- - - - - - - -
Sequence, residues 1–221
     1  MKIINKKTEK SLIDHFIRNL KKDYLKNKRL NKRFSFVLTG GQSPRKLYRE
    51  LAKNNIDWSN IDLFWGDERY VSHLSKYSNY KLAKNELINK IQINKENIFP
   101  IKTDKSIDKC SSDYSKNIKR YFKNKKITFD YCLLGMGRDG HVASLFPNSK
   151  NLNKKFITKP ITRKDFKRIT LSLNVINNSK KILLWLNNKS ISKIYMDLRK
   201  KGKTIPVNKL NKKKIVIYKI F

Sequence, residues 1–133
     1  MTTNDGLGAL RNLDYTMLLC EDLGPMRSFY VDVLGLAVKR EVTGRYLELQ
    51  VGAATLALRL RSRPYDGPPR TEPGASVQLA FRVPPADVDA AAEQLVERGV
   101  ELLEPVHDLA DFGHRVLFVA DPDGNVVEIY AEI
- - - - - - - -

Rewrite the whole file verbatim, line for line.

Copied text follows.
Sequence, residues 1–221
     1  MKIINKKTEK SLIDHFIRNL KKDYLKNKRL NKRFSFVLTG GQSPRKLYRE
    51  LAKNNIDWSN IDLFWGDERY VSHLSKYSNY KLAKNELINK IQINKENIFP
   101  IKTDKSIDKC SSDYSKNIKR YFKNKKITFD YCLLGMGRDG HVASLFPNSK
   151  NLNKKFITKP ITRKDFKRIT LSLNVINNSK KILLWLNNKS ISKIYMDLRK
   201  KGKTIPVNKL NKKKIVIYKI F

Sequence, residues 1–133
     1  MTTNDGLGAL RNLDYTMLLC EDLGPMRSFY VDVLGLAVKR EVTGRYLELQ
    51  VGAATLALRL RSRPYDGPPR TEPGASVQLA FRVPPADVDA AAEQLVERGV
   101  ELLEPVHDLA DFGHRVLFVA DPDGNVVEIY AEI